By Steve Robinson | June 7, 2019 - 10:50 pm
Posted in Category: The Normalite

The young people graduating from Heyworth High School who have received the “Win For Wiseman” Scholarships these last few years have had varying interests and ventured off to different colleges to start their adult lives. Some have stayed in state. I can think of at least one who went out of state to start their young life as a college student. The two young women who were named recipients of this year’s two $5,000 prizes appear to be no different.

Kara Monteggia and Kara Martens, from HHS’ Class of 2019, each received a $5,000 “Win For Wiseman” scholarship based on how they answered the essay question put before them and their other Class of ’19 members by the committee. This year’s question was: “What have you done or tried to do to make Heyworth High School a better place for future students?”

Kara Monteggia: For Kara Monteggia, 18, daughter of Jim and Kendra Monteggia, said she sought to make a change at HHS. That change she sought applied to dual credit classes HHS took through Heartland Community College. The problem she saw was the grading for the two institutions don’t match. At HCC, the grading scale had getting 90 and above on tests and projects to get an A, 80 and above for a B, and so on.

Heyworth High graded slightly higher, she said, with a score of 92 being where getting an A started. She said she felt both institutions she adhere to the same grading scale so both the high school and HCC agreed on the grade the student should receive. She said HHS’ grading scale would have an effect on students when grade point averages get looked at as they started looking at colleges – and colleges started looking at them.

The district school board changed the grading scale to match HCC’s prior to this recently-completed school year started. She said not all the students agreed, however, for varying reasons, with the change, while others appreciated her efforts. Kara is off to the University of Missouri to major in nursing. After college, she said, getting a job in the nursing field is tops on her list, but she quickly adds, “To be able to do something fulfilling for someone other than yourself” is what interested her about working in that field.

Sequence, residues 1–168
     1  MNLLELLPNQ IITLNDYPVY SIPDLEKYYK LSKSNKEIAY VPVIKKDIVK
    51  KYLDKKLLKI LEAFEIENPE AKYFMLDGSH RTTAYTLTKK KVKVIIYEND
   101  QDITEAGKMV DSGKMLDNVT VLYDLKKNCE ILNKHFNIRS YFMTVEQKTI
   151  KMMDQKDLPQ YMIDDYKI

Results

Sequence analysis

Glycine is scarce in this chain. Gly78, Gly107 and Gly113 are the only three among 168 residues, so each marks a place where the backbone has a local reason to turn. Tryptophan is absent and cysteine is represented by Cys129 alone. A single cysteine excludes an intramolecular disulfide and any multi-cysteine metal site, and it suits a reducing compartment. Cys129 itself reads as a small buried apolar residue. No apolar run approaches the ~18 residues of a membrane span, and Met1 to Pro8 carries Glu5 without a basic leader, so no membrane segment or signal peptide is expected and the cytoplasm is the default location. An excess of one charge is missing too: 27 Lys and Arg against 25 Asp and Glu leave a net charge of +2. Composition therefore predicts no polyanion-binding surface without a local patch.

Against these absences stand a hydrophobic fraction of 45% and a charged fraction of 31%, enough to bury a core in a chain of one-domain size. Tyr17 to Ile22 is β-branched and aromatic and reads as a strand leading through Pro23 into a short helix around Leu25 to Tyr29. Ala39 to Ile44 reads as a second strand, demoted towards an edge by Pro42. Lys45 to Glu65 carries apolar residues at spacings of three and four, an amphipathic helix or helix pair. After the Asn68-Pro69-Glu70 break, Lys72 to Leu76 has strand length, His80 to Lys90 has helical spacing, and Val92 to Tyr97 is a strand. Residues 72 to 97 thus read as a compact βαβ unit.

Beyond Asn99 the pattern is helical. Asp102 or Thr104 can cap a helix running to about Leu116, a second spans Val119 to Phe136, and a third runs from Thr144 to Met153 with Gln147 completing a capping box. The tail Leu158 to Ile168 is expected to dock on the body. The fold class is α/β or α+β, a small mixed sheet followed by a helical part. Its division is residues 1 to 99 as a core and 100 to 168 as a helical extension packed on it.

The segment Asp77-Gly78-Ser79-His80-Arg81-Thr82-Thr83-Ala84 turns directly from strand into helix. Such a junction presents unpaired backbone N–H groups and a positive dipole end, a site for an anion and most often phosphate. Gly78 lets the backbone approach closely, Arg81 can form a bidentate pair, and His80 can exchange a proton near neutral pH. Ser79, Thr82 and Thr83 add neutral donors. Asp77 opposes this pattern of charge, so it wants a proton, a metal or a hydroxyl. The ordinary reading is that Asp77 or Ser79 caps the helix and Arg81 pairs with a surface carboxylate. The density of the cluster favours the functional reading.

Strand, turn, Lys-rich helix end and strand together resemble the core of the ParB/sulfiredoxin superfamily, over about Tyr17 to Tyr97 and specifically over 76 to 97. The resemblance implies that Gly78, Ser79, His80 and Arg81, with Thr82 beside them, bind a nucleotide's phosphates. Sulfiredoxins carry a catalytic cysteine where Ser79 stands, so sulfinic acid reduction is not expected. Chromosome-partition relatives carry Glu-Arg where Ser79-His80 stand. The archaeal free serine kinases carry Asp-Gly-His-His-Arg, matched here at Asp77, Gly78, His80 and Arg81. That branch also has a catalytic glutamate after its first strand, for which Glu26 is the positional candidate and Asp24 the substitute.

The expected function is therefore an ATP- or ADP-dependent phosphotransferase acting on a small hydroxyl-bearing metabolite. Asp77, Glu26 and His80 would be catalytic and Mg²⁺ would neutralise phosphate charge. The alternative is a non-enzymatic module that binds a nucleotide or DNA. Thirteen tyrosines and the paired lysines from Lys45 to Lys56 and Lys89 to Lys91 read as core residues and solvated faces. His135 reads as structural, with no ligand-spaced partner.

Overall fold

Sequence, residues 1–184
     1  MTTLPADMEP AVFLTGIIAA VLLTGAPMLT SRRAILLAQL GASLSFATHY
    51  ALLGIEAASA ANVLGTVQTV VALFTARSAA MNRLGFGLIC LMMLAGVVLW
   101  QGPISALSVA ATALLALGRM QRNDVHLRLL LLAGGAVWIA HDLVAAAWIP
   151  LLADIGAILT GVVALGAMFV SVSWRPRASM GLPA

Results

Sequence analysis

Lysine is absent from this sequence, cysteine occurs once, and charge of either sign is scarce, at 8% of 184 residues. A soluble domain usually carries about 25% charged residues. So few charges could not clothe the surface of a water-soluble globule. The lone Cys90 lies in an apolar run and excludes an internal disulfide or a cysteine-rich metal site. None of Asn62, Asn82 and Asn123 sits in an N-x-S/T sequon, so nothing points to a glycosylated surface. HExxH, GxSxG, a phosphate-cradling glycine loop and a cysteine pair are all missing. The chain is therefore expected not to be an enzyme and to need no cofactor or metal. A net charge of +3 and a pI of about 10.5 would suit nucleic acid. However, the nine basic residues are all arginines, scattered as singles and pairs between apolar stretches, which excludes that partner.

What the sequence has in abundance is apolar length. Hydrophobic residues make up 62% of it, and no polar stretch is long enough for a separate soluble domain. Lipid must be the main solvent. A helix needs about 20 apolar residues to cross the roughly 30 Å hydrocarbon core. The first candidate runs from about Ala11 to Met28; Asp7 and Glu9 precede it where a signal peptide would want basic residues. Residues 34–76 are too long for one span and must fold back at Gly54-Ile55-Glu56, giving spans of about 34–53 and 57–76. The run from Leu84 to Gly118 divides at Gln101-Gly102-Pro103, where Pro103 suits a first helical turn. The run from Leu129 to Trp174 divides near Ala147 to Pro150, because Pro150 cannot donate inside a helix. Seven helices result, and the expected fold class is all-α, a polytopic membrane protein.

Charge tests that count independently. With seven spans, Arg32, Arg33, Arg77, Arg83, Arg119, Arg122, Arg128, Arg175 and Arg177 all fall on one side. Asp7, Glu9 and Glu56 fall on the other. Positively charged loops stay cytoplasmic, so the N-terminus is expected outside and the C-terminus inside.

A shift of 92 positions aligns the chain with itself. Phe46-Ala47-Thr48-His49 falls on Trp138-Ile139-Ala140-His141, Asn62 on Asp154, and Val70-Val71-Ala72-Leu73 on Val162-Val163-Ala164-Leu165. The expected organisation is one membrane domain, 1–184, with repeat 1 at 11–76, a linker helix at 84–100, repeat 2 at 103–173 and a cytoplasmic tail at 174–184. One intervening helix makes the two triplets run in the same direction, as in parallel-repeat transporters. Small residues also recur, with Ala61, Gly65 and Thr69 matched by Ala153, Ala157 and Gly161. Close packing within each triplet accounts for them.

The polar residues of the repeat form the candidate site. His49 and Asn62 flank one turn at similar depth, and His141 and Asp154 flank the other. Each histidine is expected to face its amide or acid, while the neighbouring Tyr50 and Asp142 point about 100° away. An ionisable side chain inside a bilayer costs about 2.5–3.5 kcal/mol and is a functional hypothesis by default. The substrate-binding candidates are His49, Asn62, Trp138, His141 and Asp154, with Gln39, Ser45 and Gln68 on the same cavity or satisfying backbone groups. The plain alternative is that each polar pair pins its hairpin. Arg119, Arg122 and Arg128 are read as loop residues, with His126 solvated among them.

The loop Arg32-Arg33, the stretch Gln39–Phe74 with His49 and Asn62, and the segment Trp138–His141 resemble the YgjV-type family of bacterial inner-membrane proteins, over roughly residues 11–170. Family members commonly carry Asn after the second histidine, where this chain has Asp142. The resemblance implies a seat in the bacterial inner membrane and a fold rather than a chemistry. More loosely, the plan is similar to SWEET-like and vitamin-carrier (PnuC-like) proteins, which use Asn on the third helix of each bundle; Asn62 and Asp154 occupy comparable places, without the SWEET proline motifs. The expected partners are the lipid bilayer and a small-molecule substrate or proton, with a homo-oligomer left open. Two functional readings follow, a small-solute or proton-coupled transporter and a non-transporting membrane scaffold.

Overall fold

Claire Martens: For Claire Martens, 17, daughter of Clint and Judy Martens, looks forward to having a future which she believes her desired major of Criminal Justice will help be successful in. She will start her college career, first, by attending HCC and will transfer to Bradley University in Peoria. She spent time learning about Criminal Justice as part of a group of kids from HHS who attended classes at Bloomington Area Career Center. Martens wrote in her essay about belonging to HHS’ Key Club, among its organizations which she belonged, and how being part of such groups she believed helped her help the school.

Eventually, Martens wants to use her skills from college to go into social work to help others, she said. She said being part of BACC helped her to meet new people.

Winners Talked About What They Were Involved In: Monteggia and Martens were among 17 students who submitted essays for the scholarship, Clay Wiseman said. Each student submitting their essay, turned it into the School Counseling Office. That office tagged each essay with a number so that the writers would remain unidentified to the selection committee, which consisted of the Wisemans, their son, Kyle, and his wife, Jill, and Jeff and Julie Day.